“Honestly I worry more for the activists’ sake than for the dragons,” Pete commented, shoving a chip into his mouth and narrowly missing spilling ketchup down his shirt. “There was an incident a few years back where this poor bleeder got into Norberta’s cage and she scalded him flat… reckon he was planning to fly away on her.”
“The tops of the pens are spelled so the dragons can’t fly out,” Zhen explained. “Even if the poor boy’s plan had worked, he wouldn’t have made it past the wards.”
“That’s terrible!” Dominique exclaimed. “And they still camp outside, even knowing what happened?”
Zhen nodded grimly. “Working with dragons is very safe, if you take precautions and know what to do in a moment of crisis. With amateurs, well… look what happened to your poor sister today.” She turned to Victoire. “How are you feeling, love?”
“Fine really,” Victoire replied, not wanting to come across as whiny to the hardened dragon handlers.
The conversation moved on to other topics – Teddy entertained the group for a little while by changing his nose to funny shapes, like Pete’s large, gnarled nose which had apparently been broken twice, and the petulant snout of Ning the dragon, complete with fangs. While Teddy’s mother had apparently been a very skilled Metamorphmagus, her son had inherited some abilities and was less able to manipulate and hold an entire disguise for long periods of time. He did much better with changing one body part at a time, such as his nose, or the color of his hair.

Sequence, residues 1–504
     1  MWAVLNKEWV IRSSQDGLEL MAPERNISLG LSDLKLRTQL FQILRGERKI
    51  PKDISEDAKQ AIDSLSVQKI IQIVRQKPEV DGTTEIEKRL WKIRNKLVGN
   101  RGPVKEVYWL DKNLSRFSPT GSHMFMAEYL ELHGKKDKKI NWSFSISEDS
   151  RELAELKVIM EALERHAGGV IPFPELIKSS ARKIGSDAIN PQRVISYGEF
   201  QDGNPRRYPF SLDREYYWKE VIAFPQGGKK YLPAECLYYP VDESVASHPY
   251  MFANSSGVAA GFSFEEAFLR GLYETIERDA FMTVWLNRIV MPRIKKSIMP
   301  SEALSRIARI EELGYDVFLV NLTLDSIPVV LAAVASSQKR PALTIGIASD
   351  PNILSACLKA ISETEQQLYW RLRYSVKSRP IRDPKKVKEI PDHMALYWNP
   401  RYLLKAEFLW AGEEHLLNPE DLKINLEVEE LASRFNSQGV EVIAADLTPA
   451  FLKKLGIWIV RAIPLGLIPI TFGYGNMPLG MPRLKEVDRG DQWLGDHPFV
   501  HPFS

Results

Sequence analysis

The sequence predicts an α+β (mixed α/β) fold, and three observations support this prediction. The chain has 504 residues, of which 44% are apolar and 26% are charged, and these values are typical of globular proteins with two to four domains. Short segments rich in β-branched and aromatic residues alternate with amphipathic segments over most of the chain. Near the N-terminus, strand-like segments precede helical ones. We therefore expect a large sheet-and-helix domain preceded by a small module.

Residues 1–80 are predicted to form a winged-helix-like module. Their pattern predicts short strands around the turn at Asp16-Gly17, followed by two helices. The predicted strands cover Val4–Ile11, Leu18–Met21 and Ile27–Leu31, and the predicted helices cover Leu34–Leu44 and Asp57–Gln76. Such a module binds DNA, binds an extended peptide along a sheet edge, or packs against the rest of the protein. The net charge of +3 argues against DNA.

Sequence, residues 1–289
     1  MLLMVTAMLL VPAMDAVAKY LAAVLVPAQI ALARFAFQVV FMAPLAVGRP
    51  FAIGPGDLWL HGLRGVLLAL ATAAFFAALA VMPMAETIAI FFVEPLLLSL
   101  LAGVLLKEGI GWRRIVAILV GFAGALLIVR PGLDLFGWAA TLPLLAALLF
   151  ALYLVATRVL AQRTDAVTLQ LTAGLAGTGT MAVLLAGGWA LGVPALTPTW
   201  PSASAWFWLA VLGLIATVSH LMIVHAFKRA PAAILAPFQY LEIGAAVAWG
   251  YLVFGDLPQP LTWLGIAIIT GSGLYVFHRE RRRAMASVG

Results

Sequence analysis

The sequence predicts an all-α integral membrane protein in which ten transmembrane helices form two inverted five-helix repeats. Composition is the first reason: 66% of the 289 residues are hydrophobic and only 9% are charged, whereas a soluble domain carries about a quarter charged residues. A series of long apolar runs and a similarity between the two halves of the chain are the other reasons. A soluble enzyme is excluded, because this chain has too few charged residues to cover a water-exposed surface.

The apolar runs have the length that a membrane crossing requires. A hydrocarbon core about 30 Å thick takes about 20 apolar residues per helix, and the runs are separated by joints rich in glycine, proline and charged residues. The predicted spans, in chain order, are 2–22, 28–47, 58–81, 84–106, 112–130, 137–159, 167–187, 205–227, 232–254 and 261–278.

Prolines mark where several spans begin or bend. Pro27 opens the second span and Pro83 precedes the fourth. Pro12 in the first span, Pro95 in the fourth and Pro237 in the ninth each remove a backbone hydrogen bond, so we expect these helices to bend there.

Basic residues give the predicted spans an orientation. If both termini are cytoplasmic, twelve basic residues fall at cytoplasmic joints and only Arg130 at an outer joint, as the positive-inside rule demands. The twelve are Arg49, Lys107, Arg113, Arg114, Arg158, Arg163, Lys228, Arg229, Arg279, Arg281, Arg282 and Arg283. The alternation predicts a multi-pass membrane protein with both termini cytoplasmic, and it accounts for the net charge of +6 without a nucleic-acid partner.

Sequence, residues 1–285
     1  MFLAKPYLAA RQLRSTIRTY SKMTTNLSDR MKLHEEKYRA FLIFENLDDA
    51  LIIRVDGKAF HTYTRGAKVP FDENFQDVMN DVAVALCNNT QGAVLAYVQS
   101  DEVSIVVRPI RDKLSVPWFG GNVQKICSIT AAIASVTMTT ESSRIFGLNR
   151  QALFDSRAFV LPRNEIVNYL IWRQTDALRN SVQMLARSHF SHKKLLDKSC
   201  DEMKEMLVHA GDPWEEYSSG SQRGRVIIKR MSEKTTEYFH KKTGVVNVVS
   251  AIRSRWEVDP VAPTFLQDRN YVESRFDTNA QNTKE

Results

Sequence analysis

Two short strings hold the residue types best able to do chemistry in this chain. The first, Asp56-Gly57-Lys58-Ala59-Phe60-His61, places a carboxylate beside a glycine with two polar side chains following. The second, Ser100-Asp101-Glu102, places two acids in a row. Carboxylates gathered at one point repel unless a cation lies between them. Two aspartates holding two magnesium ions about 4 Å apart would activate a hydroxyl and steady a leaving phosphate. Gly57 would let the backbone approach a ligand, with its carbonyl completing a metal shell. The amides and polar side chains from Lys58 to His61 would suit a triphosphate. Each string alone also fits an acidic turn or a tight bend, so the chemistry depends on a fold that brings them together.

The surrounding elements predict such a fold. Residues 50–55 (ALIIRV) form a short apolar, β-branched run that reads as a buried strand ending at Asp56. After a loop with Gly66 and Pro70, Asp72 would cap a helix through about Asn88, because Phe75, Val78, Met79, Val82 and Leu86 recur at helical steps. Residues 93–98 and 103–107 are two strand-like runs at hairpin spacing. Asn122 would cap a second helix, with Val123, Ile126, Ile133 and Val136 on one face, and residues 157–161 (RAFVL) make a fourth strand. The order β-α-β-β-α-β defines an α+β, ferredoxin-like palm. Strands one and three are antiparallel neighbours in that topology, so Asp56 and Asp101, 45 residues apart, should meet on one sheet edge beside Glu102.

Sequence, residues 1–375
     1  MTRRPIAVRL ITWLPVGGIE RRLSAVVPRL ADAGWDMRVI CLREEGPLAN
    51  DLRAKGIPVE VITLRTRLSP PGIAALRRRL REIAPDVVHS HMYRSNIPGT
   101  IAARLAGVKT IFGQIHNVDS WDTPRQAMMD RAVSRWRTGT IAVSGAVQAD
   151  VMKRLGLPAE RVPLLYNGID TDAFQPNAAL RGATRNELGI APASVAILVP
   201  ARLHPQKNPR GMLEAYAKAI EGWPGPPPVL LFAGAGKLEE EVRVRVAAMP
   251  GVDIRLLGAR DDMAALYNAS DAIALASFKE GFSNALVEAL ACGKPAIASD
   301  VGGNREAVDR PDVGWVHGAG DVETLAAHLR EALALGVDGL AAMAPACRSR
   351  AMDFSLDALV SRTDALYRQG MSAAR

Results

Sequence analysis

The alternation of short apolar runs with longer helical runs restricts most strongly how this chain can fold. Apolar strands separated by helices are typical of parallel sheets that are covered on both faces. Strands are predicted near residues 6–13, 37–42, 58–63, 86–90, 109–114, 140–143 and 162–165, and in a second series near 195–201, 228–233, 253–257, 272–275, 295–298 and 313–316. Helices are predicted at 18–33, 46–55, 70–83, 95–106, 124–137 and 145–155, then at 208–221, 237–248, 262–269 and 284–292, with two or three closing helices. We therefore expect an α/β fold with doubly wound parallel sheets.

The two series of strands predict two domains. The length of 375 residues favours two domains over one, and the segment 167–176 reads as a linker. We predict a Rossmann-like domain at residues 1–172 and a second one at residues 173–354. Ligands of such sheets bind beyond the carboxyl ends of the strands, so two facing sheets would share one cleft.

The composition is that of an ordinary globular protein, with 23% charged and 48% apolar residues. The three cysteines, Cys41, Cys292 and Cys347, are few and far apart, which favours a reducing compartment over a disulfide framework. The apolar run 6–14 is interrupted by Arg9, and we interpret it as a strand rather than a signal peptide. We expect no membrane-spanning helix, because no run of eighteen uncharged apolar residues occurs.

Victoire was quite thrilled to find out that Pete had been one of the dragon handlers who had flown to the Hogwarts Astronomy Tower one night many years ago to pick up Norbert – or Norberta – from her Uncle Harry and Aunt Hermione in their first year. Pete and Charlie reminisced about the days when one could simply fly from country to country in Europe without having to deal with the Ministries, who were far stricter nowadays. They all had another round of beers, even Dominique, whose cheeks were flushed pink with excitement from the night. The conversation returned several times to the Quidditch World Cup and where the final would be held.
An awkward moment occurred when Victoire mentioned how she had met up with Tante Gabrielle in Paris. She glanced at Uncle Charlie to see his ears turning red again, and that Zhen had gone very quiet and was sending sidelong glances in Charlie’s direction, with her lips pursed. Victoire shifted, feeling a little guilty, and hoped that Dominique would see through the situation enough not to mention the gossip.
Naturally, this was not to be.